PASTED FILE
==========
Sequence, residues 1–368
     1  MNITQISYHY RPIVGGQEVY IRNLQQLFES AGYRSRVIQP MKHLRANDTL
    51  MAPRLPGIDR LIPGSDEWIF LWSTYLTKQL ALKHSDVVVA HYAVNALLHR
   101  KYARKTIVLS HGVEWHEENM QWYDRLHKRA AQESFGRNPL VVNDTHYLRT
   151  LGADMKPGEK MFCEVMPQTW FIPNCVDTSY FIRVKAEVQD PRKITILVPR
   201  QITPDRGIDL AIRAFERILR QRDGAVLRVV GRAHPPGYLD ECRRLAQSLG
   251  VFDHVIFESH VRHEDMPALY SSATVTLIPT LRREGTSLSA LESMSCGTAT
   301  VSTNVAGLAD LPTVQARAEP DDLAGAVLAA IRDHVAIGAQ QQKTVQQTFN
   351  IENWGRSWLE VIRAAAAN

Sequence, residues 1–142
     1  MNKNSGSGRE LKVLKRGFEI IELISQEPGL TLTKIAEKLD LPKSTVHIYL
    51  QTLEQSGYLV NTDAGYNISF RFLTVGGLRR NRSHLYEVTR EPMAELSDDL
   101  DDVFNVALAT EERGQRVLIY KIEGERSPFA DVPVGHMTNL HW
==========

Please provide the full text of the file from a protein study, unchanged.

Sequence, residues 1–368
     1  MNITQISYHY RPIVGGQEVY IRNLQQLFES AGYRSRVIQP MKHLRANDTL
    51  MAPRLPGIDR LIPGSDEWIF LWSTYLTKQL ALKHSDVVVA HYAVNALLHR
   101  KYARKTIVLS HGVEWHEENM QWYDRLHKRA AQESFGRNPL VVNDTHYLRT
   151  LGADMKPGEK MFCEVMPQTW FIPNCVDTSY FIRVKAEVQD PRKITILVPR
   201  QITPDRGIDL AIRAFERILR QRDGAVLRVV GRAHPPGYLD ECRRLAQSLG
   251  VFDHVIFESH VRHEDMPALY SSATVTLIPT LRREGTSLSA LESMSCGTAT
   301  VSTNVAGLAD LPTVQARAEP DDLAGAVLAA IRDHVAIGAQ QQKTVQQTFN
   351  IENWGRSWLE VIRAAAAN

Sequence, residues 1–142
     1  MNKNSGSGRE LKVLKRGFEI IELISQEPGL TLTKIAEKLD LPKSTVHIYL
    51  QTLEQSGYLV NTDAGYNISF RFLTVGGLRR NRSHLYEVTR EPMAELSDDL
   101  DDVFNVALAT EERGQRVLIY KIEGERSPFA DVPVGHMTNL HW